Time vs Technology vs Photos

As life has progress for me, I’ve noticed that time “seems” to be more at a premium than normal Smile  I simply don’t have the time I need to do the things I’m doing.  It’s not that I don’t use my time effectively, I do, but for some reason, there just never seems to be enough of it.

When I take a harder look at things, I look at what I do for a living that might be different than others.  I’m an IT consultant, I have a bit of real estate, I have grandkids.  AND I have the “toys” Smile  Yes, I own my own house (or the bank does at least), and it seems like there’s this never ending list of “house things, reno things that just goes on and on.  And then, of course there’s the technology side of this.

You know – I love what  technology has done for our lives.  It allows us to communicate better, it gets things done faster, you can do more things.  Maybe that’s it!  Because technology has allowed us to get stuff done faster, I think we tend to do more things and hence tend to be “busier”. And when you dig “under the hood” a bit that technology comes with it’s price – because of the technology, it does take time to maintain it too. When I look at my recent jump into photography and where I’m heading, here’s what I’ve discovered:

1.  When you start to get a little more serious about photos, one tends to take more photos.  That’s a given.  With the digital age upon us and ability to process those images, we tend to spend more time with our images.  I find that I’m spending more and more time working with my images than the 35mm days.  Back then, you took your shots, got them processed at the lab – you may or may not do some of your own stuff in your own lab, but in the end, it was sort of the end of it.  On to taking more pics.  Or whatever – on with life perhaps Smile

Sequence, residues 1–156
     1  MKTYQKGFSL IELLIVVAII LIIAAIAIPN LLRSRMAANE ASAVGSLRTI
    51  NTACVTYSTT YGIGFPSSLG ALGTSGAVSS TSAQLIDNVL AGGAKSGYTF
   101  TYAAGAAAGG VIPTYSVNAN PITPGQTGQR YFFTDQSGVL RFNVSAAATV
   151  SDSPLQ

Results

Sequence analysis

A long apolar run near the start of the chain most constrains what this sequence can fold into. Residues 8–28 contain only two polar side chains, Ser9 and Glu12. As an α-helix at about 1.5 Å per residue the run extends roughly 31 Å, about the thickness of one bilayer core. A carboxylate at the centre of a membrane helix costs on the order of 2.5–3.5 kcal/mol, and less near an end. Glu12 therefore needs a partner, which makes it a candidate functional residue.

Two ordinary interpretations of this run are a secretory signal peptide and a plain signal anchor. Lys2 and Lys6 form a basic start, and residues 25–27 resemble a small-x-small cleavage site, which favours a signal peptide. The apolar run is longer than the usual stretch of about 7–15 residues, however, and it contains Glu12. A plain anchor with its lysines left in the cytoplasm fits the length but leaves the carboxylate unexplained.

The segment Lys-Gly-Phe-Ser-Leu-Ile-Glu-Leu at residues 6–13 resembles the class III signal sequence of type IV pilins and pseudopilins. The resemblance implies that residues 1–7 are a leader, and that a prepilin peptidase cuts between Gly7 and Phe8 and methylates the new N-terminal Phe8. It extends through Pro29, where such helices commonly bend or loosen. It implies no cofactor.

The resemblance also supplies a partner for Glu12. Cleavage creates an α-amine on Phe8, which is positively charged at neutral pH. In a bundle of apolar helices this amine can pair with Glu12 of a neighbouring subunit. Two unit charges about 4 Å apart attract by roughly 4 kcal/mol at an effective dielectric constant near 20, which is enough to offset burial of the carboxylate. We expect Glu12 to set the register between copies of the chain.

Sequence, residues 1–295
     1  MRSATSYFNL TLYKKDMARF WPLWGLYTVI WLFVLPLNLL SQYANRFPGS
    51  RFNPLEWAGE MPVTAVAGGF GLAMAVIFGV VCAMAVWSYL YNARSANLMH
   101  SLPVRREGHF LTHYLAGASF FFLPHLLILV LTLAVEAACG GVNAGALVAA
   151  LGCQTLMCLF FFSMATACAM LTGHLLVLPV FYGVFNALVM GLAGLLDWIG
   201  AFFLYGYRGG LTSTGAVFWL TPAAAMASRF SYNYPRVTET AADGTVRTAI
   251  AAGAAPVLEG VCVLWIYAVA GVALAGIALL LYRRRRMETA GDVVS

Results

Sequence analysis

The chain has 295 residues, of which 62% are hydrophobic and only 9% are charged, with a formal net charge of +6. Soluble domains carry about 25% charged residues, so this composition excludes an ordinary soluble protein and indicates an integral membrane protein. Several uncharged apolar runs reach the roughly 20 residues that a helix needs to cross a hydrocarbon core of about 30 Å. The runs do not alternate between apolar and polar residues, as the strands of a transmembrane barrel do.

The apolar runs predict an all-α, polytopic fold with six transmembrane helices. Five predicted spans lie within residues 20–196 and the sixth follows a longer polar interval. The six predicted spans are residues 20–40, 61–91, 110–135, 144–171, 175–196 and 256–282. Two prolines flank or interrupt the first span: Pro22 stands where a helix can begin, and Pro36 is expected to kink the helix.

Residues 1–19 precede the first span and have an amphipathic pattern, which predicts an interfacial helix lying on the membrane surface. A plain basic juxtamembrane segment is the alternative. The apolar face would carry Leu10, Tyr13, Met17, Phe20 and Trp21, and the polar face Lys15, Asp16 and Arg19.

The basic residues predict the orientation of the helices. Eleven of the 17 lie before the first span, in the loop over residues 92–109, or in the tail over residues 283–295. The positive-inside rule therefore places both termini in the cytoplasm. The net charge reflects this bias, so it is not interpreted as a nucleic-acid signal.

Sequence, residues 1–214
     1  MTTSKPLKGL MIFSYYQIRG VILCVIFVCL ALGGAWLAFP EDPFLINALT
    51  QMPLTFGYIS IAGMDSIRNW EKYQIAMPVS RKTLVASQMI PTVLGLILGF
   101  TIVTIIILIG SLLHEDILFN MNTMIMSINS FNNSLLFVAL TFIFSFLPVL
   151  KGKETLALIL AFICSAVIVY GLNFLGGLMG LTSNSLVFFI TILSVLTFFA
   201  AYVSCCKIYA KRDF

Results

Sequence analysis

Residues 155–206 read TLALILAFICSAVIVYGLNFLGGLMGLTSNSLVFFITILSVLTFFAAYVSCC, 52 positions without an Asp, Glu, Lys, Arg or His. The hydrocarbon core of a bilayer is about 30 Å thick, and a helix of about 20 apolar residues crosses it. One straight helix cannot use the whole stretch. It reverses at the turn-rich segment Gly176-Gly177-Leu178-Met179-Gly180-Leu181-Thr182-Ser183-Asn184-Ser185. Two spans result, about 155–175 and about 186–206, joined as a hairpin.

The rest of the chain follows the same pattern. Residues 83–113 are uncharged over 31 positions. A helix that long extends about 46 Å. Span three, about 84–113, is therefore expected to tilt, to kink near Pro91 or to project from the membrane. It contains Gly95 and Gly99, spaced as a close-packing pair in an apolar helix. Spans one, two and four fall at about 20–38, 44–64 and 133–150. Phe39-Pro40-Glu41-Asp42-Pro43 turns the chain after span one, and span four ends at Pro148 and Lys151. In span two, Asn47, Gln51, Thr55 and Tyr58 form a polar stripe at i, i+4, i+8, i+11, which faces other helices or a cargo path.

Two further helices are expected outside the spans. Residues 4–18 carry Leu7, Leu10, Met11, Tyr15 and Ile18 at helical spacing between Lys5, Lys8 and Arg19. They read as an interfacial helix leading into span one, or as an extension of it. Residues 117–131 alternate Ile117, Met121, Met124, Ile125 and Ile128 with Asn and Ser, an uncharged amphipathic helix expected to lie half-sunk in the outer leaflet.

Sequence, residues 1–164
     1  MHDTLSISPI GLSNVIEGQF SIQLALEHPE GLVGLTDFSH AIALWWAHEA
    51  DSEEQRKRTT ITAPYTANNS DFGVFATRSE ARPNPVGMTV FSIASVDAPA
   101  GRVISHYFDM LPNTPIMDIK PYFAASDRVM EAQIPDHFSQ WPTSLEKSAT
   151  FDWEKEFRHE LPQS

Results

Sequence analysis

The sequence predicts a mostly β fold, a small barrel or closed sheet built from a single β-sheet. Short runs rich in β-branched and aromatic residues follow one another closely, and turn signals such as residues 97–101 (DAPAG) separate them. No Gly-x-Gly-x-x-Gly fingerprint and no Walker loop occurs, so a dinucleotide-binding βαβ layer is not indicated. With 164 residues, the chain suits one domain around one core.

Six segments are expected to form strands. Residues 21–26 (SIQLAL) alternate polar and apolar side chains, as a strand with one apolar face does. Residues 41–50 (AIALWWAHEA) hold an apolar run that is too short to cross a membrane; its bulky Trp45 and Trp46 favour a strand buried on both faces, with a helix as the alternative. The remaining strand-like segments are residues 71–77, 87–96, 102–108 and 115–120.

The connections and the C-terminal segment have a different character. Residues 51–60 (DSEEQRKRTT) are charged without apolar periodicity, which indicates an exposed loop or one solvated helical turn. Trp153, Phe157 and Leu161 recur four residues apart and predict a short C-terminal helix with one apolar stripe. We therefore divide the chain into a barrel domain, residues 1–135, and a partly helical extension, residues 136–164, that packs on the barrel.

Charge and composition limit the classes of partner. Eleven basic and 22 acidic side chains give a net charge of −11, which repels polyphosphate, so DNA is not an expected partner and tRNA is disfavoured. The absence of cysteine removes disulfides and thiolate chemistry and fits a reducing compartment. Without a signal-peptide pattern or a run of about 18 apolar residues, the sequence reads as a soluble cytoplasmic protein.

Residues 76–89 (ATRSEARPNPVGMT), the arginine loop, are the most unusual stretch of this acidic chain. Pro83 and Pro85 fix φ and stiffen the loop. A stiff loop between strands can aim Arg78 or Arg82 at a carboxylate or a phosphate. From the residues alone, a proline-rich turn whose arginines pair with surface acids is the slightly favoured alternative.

2.  There’s lots of information out there to absorb.  One thing that jumped out at me right away with digital – compared to 35mm, there are a lot more feature sets in the new stuff/equipment.  If you are new to photography, one may just start shooting (and there’s a lot of merit to that).  It you are more advanced, you are going to study every nook and cranny on the gear to get the most of out it.  Another given.  Cost – time.  In 35mm, one had to be pretty serious to either go into a rental lab or their own lab to process their own stuff.  It was one thing to have the camera gear to take the pics, a whole new level to do your own.  Very dedicated at this point.  Today’s technology allows one to do things that were unheard of in my days of 35mm – right in your home on your computer.  I sometimes wonder just how many people print nowdays – I’m thinking there’s still a lot of people out there.  I know that for us, we only print what we need for various projects.  My wife is a scrapbooker, so yes we do a fair amount of printing.  BUT it’s at home too, not a commercial lab.